Humana saved an estimated $4 billion through its value-based care programs last year, according to a new report.
The insurer released its annual look at its value-based care initiatives Wednesday, which found Humana's Medicare Advantage (MA) members would have incurred those additional costs had they been enrolled in traditional, fee-for-service Medicare plans.
Humana said that 67% of its MA members, or 2.41 million beneficiaries, are treated by primary care physicians who are enrolled in value-based arrangements.
Members received preventive screenings in greater numbers and were able to avoid unneeded visits to the hospital, according to the report. Members treated by physicians in value-based arrangements with Humana were provided screenings between 8% and 19% more often for conditions like colorectal cancer, osteoporosis, diabetic eye disease and managing blood glucose levels.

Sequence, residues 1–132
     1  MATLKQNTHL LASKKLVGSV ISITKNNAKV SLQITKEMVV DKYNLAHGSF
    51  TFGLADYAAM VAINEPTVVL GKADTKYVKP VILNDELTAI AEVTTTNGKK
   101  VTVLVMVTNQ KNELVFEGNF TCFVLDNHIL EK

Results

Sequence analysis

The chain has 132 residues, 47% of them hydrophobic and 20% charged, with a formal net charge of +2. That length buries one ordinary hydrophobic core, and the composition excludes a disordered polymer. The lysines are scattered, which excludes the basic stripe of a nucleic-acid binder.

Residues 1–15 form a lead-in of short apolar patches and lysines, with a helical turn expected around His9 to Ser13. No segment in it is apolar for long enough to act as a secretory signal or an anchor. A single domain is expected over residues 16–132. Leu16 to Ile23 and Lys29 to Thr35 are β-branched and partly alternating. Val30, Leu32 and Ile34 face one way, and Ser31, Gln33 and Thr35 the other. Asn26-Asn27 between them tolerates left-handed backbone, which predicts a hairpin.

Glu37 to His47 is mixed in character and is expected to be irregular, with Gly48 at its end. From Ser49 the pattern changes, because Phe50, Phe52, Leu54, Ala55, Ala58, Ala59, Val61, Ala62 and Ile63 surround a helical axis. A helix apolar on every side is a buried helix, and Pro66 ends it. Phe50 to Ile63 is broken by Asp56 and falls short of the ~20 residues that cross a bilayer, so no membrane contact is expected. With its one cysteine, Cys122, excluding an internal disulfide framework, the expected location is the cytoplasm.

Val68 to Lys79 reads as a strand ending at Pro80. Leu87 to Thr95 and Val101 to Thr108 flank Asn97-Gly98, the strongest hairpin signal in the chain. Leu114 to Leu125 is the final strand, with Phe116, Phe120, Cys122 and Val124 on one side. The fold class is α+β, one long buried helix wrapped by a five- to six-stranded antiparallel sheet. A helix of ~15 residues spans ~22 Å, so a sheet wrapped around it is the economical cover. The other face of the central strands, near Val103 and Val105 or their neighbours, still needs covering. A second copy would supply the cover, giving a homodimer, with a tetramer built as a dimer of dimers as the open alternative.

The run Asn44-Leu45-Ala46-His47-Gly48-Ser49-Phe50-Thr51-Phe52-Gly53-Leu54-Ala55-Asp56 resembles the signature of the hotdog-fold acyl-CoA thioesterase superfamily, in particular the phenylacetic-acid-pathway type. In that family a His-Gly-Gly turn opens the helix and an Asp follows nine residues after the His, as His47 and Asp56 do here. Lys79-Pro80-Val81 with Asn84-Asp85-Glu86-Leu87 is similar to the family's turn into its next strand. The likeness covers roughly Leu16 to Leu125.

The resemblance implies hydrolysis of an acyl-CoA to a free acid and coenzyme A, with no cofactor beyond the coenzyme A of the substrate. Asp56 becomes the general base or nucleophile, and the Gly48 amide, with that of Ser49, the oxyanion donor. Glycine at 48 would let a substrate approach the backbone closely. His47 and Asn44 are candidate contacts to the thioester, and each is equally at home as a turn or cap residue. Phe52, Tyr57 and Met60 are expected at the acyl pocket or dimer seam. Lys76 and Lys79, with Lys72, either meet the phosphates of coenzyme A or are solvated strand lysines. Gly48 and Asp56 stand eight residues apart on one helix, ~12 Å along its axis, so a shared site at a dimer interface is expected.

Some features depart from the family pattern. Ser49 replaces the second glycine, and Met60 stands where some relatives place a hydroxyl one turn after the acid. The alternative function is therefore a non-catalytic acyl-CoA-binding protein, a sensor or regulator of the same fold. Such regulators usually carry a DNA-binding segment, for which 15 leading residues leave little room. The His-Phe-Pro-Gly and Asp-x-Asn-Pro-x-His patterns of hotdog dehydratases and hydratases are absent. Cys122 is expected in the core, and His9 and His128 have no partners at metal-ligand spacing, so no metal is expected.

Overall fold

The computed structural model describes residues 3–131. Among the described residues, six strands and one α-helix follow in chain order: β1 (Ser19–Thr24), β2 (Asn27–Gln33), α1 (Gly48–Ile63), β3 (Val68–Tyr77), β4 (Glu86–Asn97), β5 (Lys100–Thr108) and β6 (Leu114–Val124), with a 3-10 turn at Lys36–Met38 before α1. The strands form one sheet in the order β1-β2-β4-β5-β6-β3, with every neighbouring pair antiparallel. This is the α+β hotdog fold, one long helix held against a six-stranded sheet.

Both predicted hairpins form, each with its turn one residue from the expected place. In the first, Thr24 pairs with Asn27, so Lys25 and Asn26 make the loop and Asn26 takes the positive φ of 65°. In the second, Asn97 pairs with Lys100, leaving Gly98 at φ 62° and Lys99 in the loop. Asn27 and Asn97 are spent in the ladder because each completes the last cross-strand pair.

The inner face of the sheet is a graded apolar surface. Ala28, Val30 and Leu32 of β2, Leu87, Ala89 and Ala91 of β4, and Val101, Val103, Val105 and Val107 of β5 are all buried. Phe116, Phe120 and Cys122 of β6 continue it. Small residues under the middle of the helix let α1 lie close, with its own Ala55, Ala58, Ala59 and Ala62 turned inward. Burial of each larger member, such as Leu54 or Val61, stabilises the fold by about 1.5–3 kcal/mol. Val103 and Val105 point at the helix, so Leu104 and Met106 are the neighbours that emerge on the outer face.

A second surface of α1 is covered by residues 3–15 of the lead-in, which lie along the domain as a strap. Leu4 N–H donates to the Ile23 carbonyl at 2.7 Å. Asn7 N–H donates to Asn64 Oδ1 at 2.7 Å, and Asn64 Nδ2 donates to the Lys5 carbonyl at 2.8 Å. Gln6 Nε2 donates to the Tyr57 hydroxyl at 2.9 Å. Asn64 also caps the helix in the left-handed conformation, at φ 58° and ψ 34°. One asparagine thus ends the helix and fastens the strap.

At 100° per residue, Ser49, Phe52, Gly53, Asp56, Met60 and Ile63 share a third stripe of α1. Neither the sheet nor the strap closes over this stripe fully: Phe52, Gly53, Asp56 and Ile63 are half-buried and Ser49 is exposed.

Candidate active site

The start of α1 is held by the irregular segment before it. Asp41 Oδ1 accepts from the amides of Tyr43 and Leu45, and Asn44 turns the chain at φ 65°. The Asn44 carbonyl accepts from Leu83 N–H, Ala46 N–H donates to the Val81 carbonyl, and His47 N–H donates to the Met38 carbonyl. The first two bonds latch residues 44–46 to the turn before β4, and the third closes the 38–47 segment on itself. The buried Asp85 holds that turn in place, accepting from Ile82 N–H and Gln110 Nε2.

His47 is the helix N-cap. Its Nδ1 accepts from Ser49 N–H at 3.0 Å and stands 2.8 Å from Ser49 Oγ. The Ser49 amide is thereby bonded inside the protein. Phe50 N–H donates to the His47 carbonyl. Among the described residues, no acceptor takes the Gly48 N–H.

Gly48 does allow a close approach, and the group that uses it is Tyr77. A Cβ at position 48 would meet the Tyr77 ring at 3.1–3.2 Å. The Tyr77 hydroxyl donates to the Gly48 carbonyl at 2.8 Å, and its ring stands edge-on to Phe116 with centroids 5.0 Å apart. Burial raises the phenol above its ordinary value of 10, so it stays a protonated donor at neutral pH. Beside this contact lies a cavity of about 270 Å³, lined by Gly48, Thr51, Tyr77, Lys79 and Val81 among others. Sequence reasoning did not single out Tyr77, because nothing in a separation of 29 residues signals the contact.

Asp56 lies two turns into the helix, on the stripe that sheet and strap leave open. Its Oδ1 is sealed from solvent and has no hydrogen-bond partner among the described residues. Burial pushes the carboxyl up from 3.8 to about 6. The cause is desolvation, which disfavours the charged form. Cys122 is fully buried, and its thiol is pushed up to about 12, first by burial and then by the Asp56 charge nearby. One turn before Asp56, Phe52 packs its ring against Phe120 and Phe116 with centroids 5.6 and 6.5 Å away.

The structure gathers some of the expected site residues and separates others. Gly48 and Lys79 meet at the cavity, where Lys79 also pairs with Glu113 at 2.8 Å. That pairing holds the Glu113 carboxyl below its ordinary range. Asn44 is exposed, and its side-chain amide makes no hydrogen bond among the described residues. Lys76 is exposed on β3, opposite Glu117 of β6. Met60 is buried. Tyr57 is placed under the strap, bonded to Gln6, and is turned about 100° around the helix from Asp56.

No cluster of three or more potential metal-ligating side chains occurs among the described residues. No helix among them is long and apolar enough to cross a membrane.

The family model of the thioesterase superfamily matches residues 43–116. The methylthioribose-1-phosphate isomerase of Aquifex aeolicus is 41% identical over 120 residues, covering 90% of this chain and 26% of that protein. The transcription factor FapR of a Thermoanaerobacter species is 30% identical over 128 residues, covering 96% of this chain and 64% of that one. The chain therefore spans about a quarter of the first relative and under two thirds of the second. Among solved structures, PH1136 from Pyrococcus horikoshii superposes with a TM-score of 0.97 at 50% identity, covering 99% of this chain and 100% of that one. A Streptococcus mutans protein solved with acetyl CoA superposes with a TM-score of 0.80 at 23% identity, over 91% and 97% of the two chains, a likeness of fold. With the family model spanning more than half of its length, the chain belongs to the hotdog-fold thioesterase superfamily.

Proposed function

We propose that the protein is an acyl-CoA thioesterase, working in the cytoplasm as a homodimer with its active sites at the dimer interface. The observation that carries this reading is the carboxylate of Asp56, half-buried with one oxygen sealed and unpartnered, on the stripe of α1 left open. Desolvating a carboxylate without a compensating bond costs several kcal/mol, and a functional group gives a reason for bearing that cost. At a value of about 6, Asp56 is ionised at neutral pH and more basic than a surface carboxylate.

Bruce Broussard, CEO of Humana, said in a statement that value-based care reinforces Humana's mission to provide whole-person health.
“The premise of human care—where we listen to and address the specific physical health, behavioral health and health-related social needs of our members and their care teams—is amplified in value-based care agreements,” Broussard said. “Our collaboration with primary care physicians and their care teams is helping to deliver simpler and more convenient care and reducing avoidable hospitalizations.”
Humana members treated by physicians in value-based models saw 211,000 fewer inpatient days at the hospital and also spent less time in the emergency department, according to the report.
Members treated in these arrangements visited the emergency room 10.3% less often, for about 90,500 fewer visits, and had a 29.2% lower admission rate, for about 165,000 fewer admissions compared to traditional Medicare beneficiaries.
Physicians in value-based care arrangements also received higher marks from members, earning scores of 3.3 stars out of 5 compared to 2.9 stars out of 5.